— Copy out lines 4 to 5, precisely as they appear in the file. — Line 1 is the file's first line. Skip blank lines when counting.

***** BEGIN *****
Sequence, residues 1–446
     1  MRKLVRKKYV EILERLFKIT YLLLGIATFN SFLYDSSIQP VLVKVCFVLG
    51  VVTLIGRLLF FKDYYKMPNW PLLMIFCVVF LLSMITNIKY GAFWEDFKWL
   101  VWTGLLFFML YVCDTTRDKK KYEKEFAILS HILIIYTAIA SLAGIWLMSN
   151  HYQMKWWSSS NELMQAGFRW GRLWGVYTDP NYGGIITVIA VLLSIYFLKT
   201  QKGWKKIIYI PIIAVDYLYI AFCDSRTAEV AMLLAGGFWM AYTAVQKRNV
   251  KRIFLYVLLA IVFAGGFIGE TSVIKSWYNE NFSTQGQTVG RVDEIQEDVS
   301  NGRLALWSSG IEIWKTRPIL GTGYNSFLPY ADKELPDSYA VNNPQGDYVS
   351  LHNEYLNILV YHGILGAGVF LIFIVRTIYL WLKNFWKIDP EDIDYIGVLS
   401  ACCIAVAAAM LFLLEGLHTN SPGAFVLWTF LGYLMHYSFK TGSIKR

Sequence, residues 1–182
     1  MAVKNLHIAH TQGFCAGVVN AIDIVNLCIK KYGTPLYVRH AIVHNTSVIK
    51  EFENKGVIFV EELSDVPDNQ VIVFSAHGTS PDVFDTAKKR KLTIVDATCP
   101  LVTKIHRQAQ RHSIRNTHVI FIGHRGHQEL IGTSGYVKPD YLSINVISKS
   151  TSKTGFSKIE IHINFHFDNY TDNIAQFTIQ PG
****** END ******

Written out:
   101  VWTGLLFFML YVCDTTRDKK KYEKEFAILS HILIIYTAIA SLAGIWLMSN
   151  HYQMKWWSSS NELMQAGFRW GRLWGVYTDP NYGGIITVIA VLLSIYFLKT